Nevada basketball’s run to the 2018 Sweet 16 was no fluke: Head coach Eric Musselman is building a program capable of perennial contention.
That’s the takeaway from Friday’s news that Musselman landed a commitment from 5-star prospect Jordan Brown, a 6-foot-10 forward from California. With Brown’s pledge, the Wolf Pack currently have more 5-star recruits in the fold for 2018 than such noteworthy names as Arizona (which was a finalist for Brown), Michigan State, Syracuse, Purdue — and certainly more 5-stars than your average mid-major.
Now, the mid-major label is one applied to the Mountain West Conference with necessary disclaimers. Despite sending just one team to the NCAA Tournament in 2016 and 2017, the Mountain West routinely landed multiple bids from its inception in the 1998-99 season through 2015. What’s more, the MW was demonstrably better than the Pac-12 as recently as 2012 — and with the Pac’s dismal showing in 2018, the potential for the Mountain West to surge ahead of its regional counterpart exists.
In the same way consistent success has allowed Gonzaga to shed the mid-major label for all intents and purposes, any Mountain West program has the foundation to do the same. San Diego State appeared poised for such distinction, and the Aztecs’ run to the 2018 Tournament positions a veteran roster for a resurgent 2019. A worthy rival for the immediate and long-term future only furthers the lofty potential for Nevada basketball.
Nevada reached the Sweet 16 this past March with Eric Musselman running the show, and behind a core trio of twins Cody and Caleb Martin, and versatile Jordan Caroline. The first major offseason victory came with Musselman’s decision to stay, despite his being a favorite name bounced among pundits for openings. Keeping a successful head coach is the first building block for non-traditional programs: VCU lost both Shaka Smart and Will Wade, and George Mason saw Jim Larranaga exit for Miami.
Nevada’s experienced the devastation of a successful coach leaving. Trent Johnson coached the Pack to their last Sweet 16 before 2018, and Mark Fox left shortly after coaching Nevada to its last NCAA Tournament win. Xavier has proven a program can weather losing head coaches and still grow into a bonafide power, and Butler’s beginning to follow suit in its transition from Brad Stevens to Chris Holtmann to LaVall Jordan.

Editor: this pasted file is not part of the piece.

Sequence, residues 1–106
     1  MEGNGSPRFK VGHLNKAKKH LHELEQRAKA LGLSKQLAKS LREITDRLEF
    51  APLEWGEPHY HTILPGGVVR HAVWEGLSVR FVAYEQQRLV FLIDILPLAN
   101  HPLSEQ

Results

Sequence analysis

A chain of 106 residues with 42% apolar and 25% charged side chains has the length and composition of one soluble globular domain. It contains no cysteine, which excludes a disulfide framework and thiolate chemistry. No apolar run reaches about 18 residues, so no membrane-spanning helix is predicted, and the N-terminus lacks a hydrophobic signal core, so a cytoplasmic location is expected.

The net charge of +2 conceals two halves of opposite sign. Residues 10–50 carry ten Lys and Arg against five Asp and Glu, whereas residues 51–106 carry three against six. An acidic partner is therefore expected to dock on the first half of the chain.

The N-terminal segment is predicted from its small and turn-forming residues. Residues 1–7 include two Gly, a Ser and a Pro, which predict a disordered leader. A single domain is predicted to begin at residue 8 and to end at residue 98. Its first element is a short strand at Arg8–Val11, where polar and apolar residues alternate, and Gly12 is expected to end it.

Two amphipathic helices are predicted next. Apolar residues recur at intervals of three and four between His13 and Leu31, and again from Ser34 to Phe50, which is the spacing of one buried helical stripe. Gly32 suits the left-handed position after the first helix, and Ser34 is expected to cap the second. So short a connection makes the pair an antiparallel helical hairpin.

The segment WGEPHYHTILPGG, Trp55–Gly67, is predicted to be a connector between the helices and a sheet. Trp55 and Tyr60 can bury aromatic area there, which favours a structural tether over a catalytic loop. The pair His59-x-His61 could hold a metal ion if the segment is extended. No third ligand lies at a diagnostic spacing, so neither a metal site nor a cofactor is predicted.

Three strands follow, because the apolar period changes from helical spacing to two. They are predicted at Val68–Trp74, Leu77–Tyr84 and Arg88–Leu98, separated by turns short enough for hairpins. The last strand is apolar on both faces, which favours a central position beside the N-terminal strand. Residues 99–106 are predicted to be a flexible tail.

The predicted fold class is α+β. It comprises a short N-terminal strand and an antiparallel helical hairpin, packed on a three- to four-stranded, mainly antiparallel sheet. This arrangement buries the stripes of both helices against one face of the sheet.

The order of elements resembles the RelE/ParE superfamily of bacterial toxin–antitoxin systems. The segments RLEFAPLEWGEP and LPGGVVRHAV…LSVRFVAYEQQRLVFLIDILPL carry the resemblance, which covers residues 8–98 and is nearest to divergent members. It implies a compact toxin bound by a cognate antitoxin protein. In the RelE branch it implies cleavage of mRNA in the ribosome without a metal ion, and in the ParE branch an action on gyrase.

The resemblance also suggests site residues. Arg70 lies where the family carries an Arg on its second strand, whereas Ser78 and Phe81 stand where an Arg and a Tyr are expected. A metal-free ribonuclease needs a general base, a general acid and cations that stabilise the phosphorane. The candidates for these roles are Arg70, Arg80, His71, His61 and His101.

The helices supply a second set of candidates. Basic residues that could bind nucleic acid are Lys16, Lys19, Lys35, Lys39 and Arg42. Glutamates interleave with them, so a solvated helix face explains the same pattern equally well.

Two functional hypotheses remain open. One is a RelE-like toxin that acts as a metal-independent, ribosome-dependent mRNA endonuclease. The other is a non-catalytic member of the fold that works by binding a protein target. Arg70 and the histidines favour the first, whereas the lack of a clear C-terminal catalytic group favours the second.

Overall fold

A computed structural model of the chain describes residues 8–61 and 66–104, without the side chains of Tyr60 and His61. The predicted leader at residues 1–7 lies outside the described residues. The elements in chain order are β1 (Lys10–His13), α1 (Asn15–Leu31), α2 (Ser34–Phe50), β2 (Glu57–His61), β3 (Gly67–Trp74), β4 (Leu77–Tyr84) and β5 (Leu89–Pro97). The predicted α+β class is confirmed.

But both Xavier and Butler benefited from conference realignment and the name-brand of the Big East. While the Mountain West is ahead of the typical mid-major, its closest parallel is the Atlantic 10. Keeping Eric Musselman around Reno is the most reliable course to achieving sustained success and power designation.
Suitors from athletic departments with deeper pockets will come, but they can be thwarted. Gonzaga proved it with Mark Few continuing to helm the program and leading it within a few plays of a national championship just two season ago.
Gonzaga’s run to the Final Four and national championship game marked a culmination to repeat success. Building off the initial buzz of two NCAA Tournaments and a Sweet 16 is essential for Nevada moving forward, and the Pack should do so in 2019.
I ranked Nevada No. 16 in my Athlon Sports Top 25 last month, with the caveat that returning a majority of its three-man core was crucial. Nevada’s seen how difficult it can be to maintain when stars leave, going a decade between Tournaments after Nick Fazekas graduated.
While the Pack are better with the Martins and Caroline next season — perhaps even a preseason Top 10 — landing Brown is an important safety net. He joins an influx of transfer talent, part of a big-picture strategy Eric Musselman’s already had success implementing. Microwave-shooter Ehab Amin announced his intent to spend a graduate transfer season in Nevada earlier this week. Another graduate transfer — Old Dominion post Trey Porter — declared his move to Nevada two weeks ago.
With or without the Martins and Caroline, Musselman is reloading. And the nation will take notice, which is vitally important.
National buzz plays a key part in expanding the brand name, scheduling high-profile nonconference games, and establishing a true powerhouse. But national buzz starts at the local level, and Reno is a perfect place.
Wolf Pack rival UNLV grew into one of college basketball’s banner-carriers under head-coaching fixture Jerry Tarkanian during the 1980s. Runnin’ Rebel games became the hottest ticket in Las Vegas, and national telecasts emanating from the Thomas & Mack Center gave off the aura of a big-time event.
Reno’s quite a bit different from Las Vegas — it’s not known as the Biggest Little City in the World for no reason — but it’s a community that will embrace its local sports with fervor. On a family vacation to Lake Tahoe last summer, I couldn’t help but notice that the Reno airport was decked out with memorabilia celebrating Wolf Pack sports, including a display case for former Nevada quarterback Colin Kaepernick.
I grew up attending basketball games at the University of Arizona in Tucson, a city comparable to Reno. Hoop heads in the Old Pueblo tout Tucson as “Basketball Town;” Reno has similar potential. Before you dismiss it, consider the electric atmosphere that permeates from basketball broadcasts in Spokane, Washington.